Election Commission Request for State Ruling on MCS Charter Vote Further Roils the Waters



The opponents of city/county school consolidation are nothing if not determined. In little more than a week since the Memphis School Board’s 5-4 vote in favor of a city referendum concerning the surrender of its charter, numerous strategies have been put in play in order to block or hinder that vote and its possible consequences.

The most obvious result, of course, would be the merger of Memphis City Schools and Shelby County schools, by default.

The mayors and legislative agencies of several suburban municipalities are publicly weighing the option of operating and funding their own school systems in order to avoid what they see as a shotgun wedding with MCS.

Election Commission chairman Bill Giannini
  • JB
  • Election Commission chairman Bill Giannini
Shelby County Commissioner Terry Roland, who has floated the idea of secession by parts of suburban Shelby County, is seeking an investigation of the MCS vote, publicly questioning whether MCS Board member Stephanie Gatewood, a candidate to fill a vacancy in the state House, might be compromised in her vote for charter surrender.

State Senator Brian Kelsey and several other suburban legislators are pursuing measures to put the city schools under state control (as “non-performing” institutions) if the proposed referendum should yield a Yes vote.

And now the Shelby County Election Commission is requesting a ruling from state Election Coordinator Mark Goins as to whether state law requires that suburban voters join in the referendum on the surrender of the MCS charter.

EC chairman Bill Giannini, who is seeking guidance on several other aspects of the proposed referendum, told WMC-TV, Action News 5, that the issue of a charter surrender might fall under the same rules as those which required both Memphis and outer-county voters to participate in the November 2 referendum on governmental consolidation of city and county.

"One of the questions out there about this one is the dual-majority vote," said Giannini. "There are arguments that state law provides for dual-majority vote in this case as well.”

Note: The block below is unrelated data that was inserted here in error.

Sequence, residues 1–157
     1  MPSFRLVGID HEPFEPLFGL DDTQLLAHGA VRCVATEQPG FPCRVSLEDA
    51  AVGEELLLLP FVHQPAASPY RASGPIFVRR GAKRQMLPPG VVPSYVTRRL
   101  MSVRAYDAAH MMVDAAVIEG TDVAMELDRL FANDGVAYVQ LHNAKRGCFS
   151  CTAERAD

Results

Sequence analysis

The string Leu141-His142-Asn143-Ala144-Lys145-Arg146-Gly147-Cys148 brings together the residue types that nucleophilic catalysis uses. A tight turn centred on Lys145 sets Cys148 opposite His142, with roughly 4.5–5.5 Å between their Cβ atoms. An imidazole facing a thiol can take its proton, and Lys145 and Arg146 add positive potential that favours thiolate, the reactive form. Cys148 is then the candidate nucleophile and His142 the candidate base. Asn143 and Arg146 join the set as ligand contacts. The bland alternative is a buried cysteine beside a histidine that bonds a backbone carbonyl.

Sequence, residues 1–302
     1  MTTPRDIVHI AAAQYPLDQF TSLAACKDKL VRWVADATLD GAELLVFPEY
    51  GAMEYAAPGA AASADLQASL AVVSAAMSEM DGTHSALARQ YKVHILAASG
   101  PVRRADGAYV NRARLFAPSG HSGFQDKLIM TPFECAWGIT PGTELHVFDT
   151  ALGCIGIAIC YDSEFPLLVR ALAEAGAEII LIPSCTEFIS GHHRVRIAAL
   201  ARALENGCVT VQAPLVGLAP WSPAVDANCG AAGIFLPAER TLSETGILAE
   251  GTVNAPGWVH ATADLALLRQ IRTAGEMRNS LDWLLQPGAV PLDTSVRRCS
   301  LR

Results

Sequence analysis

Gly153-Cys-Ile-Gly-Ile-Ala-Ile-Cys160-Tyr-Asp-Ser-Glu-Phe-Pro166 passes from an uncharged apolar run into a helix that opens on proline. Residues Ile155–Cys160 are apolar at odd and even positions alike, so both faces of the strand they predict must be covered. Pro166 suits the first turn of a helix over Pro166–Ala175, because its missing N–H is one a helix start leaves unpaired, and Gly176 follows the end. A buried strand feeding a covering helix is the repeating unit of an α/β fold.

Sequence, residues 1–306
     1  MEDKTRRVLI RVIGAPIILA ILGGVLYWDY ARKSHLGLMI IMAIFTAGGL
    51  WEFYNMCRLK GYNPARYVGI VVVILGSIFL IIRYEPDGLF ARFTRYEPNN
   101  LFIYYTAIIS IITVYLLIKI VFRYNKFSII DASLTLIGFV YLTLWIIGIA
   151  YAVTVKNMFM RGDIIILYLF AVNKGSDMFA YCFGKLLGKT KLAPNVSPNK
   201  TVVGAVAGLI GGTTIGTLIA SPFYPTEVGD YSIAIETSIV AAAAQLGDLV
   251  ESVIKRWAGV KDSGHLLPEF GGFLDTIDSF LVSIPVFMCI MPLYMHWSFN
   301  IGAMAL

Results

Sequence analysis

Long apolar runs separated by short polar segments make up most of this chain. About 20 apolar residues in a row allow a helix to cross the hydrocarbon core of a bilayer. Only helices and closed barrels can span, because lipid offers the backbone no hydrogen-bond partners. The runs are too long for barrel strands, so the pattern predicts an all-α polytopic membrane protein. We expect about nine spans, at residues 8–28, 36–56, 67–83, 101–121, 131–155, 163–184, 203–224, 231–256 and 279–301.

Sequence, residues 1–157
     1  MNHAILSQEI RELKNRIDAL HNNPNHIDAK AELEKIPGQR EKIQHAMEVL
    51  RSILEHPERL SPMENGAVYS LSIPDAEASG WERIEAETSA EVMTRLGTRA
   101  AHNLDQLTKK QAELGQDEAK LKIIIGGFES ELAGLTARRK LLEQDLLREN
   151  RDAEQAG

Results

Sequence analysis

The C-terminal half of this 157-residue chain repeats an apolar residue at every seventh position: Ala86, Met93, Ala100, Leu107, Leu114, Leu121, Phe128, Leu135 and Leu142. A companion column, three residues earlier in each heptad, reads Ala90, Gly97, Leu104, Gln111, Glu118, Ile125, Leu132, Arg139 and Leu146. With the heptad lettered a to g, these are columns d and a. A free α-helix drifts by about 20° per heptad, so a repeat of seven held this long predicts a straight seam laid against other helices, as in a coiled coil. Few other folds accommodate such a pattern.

Others aren’t buying the logic. Shelby County Commissioner Mike Carpenter, who often uses Twitter to communicate his political responses, tweeted the situation this way: “Based on elec comm ‘logic’ I'm looking forward to seeing amicus in favor of our federal court challenge to dual voting req for consolidation.”

Carpenter’s reference was to a suit which he and other consolidation proponents filed in advance of the November 2 referendum, challenging requirements that two separate votes, by city and county, are needed to approve a consolidation referendum. A federal court has not yet ruled on the motion, which many thought had become moot after the overwhelming defeat of the consolidation referendum. (The term “amicus” is shorthand for “amicus curiae” — “friend of the court” — a means by which sympathizers to a lawsuit can record arguments in favor of it legally.)

Another frequent tweeter, Richard Thompson of the Mediaverse website, re-tweeted this observation from Wayne VanDeveer: “the vote is to dissolve charter, not to consolidate. Non-Memphians have no say in that.”

In any case, the Election Commission request could result in a delay of the proposed charter-surrender referendum while the legalities are being hashed out. And any such delay would give opponents of the school merger an opportunity to rush obstructionist legislation through the General Assembly, which convenes next month.

The MCS Board’s action in calling for the vote on a charter surrender was a response to a post-election statement from Shelby County School Board chairman David Pickler that he intended once again to seek special school district status for the county schools.

Efforts to do so have failed in the past, but election results substantially favoring Republicans, coupled with Pickler’s statement of intent, gave the county’s suburban legislators, all Republicans and most sympathetic to special-school-district status, reason to believe the move could succeed this time.

One issue in the increasingly complex confrontation is that of GOP unanimity. Coincidentally or not, Lakeland resident Giannini and an SCEC majority are Republicans, as are Shelby’s suburban legislators and Coordinator Goins, but other GOP figures — Carpenter and several other Memphis Republicans being cases in point — have different views concerning school and governmental consolidation.

"We are just trying to make sure that the election is called for correctly and will stand up in a court of law, which is probably where this thing will wind up. The only irreversible act in this equation is the Shelby County Election Commission setting an election date. Once that's done, only a court can stop it," Giannini told the Flyer.

Continuing, he said, "I will be stunned if there is not a court ruling or some other event that delays or stops the Election Commission from conducting this election. There are lots of conflicts in the law. Memphis City Schools was founded by a private act of the Tennessee legislature. State law contradicts the city charter in several places regarding MCS."

Giannini stressed his own neutrality on the issue, but said that, given the multiple complications that have arisen concerning the proposed referendum, he considered it possible that the MCS Board might even re-think its action and reverse its vote.

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